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Canberra Today 11°/16° | Saturday, September 25, 2021 | Digital Edition | Crossword & Sudoku

Swept up in a concert of heavenly sounds

Artistic director Robyn Mellor. Photo: Peter Hislop.

Music / “Cantates in Noctem”, Polifemy and Blocksounds, Wesley Uniting Church, August 1. Reviewed by ROB KENNEDY.

PRAYING at different hours of the day through singing comes from the earliest times. This concert, with two groups both run by early music specialist Robyn Mellor, highlighted the beauty in this beseeching music of ancient times.

Singing in Polifemy were Robyn Mellor (director), Susan Antcliff, Hanna-Mari Latham, Liz McKenzie, Isabelle Mellor, Catherine Schmitz, Sarah Sutcliffe and Rachel Walker. In Blocksounds were Robyn Mellor (director), Elana Leske, Shae Leske and Nick Horn, on recorders.

The concert in the Wesley Uniting Church opened with “Ricercar Quarto Sopra Mi, Re, Fa, Mi”, by Girolama Frescobaldi. Sounding like, and as accurate as, one person on a church organ, these four players produced an evenly poised and solemn performance of this lovely tune, which was written over 400 years ago.

Matthias Mercker’s “Fuga 1” for the quartet came next. An extra bass was added to the alto and tenor line up. This created a much deeper bottom end, but never altered the quality of the playing in this plaintive flowing fugue.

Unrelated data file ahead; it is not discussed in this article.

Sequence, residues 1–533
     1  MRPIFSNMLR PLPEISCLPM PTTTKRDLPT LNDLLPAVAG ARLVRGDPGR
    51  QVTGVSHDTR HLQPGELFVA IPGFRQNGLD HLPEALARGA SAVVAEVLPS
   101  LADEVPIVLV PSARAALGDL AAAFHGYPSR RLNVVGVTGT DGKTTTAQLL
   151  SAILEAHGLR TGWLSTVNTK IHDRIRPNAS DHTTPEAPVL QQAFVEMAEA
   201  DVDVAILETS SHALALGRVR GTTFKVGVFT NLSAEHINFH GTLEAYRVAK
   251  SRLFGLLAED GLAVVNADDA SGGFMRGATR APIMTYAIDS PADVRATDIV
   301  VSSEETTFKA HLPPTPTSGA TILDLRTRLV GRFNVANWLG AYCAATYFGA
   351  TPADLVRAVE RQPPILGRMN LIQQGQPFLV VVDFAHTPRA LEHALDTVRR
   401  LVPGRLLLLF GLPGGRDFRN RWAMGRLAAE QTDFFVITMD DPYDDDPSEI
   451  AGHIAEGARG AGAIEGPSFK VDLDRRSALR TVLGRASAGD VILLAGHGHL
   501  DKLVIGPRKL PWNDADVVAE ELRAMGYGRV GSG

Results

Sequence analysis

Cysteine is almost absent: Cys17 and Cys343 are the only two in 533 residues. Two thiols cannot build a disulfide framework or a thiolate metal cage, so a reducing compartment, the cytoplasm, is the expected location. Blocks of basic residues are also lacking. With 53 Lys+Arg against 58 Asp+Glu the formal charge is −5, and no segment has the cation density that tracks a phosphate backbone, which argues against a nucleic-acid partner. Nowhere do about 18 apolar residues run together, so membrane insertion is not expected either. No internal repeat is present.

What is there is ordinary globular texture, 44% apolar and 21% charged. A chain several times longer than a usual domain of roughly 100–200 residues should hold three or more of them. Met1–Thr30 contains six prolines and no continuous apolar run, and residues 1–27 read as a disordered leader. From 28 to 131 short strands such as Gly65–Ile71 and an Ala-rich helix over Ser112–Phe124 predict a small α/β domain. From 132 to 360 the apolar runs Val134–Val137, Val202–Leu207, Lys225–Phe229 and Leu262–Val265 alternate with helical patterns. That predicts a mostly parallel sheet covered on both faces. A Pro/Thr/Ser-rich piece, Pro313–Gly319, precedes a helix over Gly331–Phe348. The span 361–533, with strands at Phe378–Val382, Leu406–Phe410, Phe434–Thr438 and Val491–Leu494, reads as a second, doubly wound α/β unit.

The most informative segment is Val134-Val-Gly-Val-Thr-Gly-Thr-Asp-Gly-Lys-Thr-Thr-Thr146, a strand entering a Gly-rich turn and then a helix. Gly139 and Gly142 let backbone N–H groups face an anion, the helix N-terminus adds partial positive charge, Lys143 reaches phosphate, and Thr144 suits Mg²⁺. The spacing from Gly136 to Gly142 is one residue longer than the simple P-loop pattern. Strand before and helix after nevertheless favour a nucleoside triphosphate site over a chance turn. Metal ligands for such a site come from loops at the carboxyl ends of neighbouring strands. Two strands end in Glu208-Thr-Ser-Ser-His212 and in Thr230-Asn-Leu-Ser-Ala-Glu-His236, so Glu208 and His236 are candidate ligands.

Blocksounds. Photo: Peter Hislop.

It was back to the SATB arrangement for another Frescobaldi work, his “Canzon Prima, Prima Tono”. The clarity and quality of this group make them stand out among recorder quartets. This delightful music bounced along with many catchy melodies.

The eight female members in Polifemy took the stage for the Giovanni Pierluigi di Palestrina, “Alma Redemptoris Mater”, which roughly translates to “Loving Mother of the Redeemer”. Led by Mellor, as she sang, the unique experience of hearing an all-female choir quickly took hold. The singers complement each other. Their tonal qualities across their vocal ranges worked so well together.

Polifemy. Photo: Peter Hislop.

The written music of Palestrina’s “Compline 1 and 2”, night prayers, was as beautiful as the singing. It was a transcendent experience. Polifemy were expressive, subtle, and well-practised. The glorious sound floated through and up into the gallery where this reviewer was sitting. It’s the best place in Wesley Uniting Church to experience a live performance.

Blocksounds returned to perform Matthias Mercker “Fuga 7”. The offsetting of the recorder music to the vocal works proved to be a brilliant piece of programming. It also proved just how similar the human voice is to the tones of the ranges of recorders.

The “Compline 3” is a magical work of sublime musical writing. Describing profoundly beautiful music like this has had philosophers and academics baffled for hundreds of years. Accurate descriptions of music still elude us. In the mysterious splendour of music like this, there needs no explanation.

To add to this wonderful concert was a program that included a well-written mini-essay by Wystan Fisher. It explained the practice of offering prescribed prayers at particular times of the day, as in the music performed in this concert.

No one can describe music like this, it must be experienced. I was one of the lucky people to be swept up in this concert of heavenly sounds.

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Thank you,

Ian Meikle, editor

Helen Musa

Helen Musa

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